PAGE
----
Colouring in goats, it seems to me, doesn’t matter in the show ring, and it certainly doesn’t matter in the milking parlour. Do you find, though, that judges have colour preferences? Do customers? Do you?
In the Pygmy breed it does; only certain patterns are accepted. With Nigerians though, all colors are acceptable. Because of this, a judge cannot place a Nigerian higher or lower because of their coat color. I have noticed that most buyers seem to prefer crazy color patterns. I also like the flashier goats.
Two of my favorite color patterns are broken buckskin (like our own Pistachio Dream–see below) and moonspots (on our new buck, Apache). One thing that is very important, though, as a breeder, is to not allow pretty colors to cloud your judgement! We will not purchase or breed a goat just because they have a flashy coat. Confirmation comes first and pretty colors are the cherry on top.
I love the black and whites, as you know. Blue eyes are pretty, but not as important to me. I know a lot of people like them, and some breeders even charge more for them. I read one breeder, however, state that her experience was that blue-eyed goats don’t produce as much milk. How do you feel about blue-eyed goats?
I love the look of blue eyes, but again, I will not put blue eyes before conformation when breeding. They are just added bonuses. As far as milk production, eye color is not related. If a particular breeder notices decreased milk production in her blue-eyed does, it’s possible they were related and not from strong milk lines. If a breeder starts breeding for blue eyes over milk production, then it is possible to get a lot of blue-eyed goats that have weak milk lines, making it seem like blue-eyed does don’t produce as well.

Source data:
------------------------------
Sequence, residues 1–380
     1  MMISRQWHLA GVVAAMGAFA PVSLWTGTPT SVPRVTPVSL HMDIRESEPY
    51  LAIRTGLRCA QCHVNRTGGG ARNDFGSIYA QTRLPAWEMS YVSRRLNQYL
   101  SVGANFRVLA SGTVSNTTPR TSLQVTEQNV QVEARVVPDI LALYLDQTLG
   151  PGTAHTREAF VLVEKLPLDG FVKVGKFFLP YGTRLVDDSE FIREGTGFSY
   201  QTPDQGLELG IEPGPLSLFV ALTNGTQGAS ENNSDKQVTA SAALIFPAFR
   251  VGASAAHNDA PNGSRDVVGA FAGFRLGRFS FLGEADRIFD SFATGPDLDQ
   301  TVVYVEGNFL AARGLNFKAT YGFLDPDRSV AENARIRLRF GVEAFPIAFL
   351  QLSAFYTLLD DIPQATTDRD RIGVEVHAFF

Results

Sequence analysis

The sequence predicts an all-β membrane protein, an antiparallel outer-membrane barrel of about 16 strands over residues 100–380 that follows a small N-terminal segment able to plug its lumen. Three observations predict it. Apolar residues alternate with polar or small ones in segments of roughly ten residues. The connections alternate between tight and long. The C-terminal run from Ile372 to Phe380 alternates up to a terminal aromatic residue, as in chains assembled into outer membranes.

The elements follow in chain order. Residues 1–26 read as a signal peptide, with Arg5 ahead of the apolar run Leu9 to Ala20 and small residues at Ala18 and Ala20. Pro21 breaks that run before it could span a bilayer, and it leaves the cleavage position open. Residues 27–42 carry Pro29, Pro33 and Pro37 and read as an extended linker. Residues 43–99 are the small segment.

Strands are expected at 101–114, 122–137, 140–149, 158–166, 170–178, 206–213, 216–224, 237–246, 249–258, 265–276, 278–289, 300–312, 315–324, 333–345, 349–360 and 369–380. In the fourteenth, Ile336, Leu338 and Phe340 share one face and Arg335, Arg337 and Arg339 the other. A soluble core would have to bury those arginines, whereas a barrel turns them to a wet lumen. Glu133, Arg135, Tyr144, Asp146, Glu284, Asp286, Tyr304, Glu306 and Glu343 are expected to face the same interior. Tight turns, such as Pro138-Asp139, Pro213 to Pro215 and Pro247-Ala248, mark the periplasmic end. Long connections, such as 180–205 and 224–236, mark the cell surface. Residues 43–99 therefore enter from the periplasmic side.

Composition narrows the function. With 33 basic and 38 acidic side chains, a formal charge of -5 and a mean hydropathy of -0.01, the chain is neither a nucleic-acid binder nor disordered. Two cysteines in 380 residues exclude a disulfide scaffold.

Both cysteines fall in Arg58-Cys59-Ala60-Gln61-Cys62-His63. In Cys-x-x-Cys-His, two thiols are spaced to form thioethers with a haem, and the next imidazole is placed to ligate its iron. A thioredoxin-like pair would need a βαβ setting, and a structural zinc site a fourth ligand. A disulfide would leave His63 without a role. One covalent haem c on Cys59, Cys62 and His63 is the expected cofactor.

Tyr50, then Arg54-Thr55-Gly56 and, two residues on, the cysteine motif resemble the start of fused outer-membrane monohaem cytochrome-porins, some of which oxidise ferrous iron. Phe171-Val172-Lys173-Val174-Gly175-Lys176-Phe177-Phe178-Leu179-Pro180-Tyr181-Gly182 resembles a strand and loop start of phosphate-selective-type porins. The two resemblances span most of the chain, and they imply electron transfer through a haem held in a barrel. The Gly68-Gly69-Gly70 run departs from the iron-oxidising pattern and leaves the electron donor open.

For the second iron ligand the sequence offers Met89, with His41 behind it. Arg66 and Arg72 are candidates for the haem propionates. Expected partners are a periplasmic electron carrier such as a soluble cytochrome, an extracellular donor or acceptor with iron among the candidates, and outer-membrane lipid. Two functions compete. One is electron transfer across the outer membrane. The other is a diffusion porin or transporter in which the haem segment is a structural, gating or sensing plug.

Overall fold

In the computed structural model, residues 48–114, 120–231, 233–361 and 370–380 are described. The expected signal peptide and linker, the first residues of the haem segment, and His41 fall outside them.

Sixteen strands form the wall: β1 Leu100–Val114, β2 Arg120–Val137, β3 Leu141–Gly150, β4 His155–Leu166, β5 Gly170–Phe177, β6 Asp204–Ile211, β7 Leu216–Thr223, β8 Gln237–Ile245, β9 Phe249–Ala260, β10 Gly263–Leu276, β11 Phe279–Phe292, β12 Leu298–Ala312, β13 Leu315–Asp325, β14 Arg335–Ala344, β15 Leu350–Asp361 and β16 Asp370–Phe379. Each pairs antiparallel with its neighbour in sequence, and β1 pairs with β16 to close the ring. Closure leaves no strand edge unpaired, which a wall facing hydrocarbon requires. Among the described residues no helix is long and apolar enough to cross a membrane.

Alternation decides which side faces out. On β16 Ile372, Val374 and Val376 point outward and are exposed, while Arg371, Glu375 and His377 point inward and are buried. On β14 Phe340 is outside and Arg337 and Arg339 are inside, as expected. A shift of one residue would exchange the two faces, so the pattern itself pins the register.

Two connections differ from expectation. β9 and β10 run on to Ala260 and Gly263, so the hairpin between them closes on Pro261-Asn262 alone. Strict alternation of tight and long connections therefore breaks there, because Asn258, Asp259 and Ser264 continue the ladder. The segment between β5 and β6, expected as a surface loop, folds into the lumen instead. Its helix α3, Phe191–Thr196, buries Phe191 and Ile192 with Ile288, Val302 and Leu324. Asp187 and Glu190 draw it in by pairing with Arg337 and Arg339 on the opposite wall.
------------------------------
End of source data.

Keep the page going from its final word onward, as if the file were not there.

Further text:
Speaking of goats’ eyes…they’re amazing. As a hard core fan of science fiction, I think the squared, horizontal irises look alien. Any inside scoop on why they are how they are, and do they ever stop freaking you out?
Goats eyes are actually very unique! The rectangular pupil allows them to see at a 330-degree angle (humans see at about a 185-degree angle). The odd shape also improves a goat’s depth perception in their peripheral vision. This is necessary because goats are considered prey, and in a natural habitat, they would normally be trying to escape predators on uneven ground. I personally love the look of goat eyes because they are so unique have such an interesting function.
(The stunning photos above and below came from To Sing With Goats, a blog from an Oregon goat farmer. I hope she doesn’t mind my pinching it; it took my breath away and I simply couldn’t resist.)
Thus endeth Part the Fourth. Stay tuned for the fifth and final installment of our conversation, wherein things get wrapped up.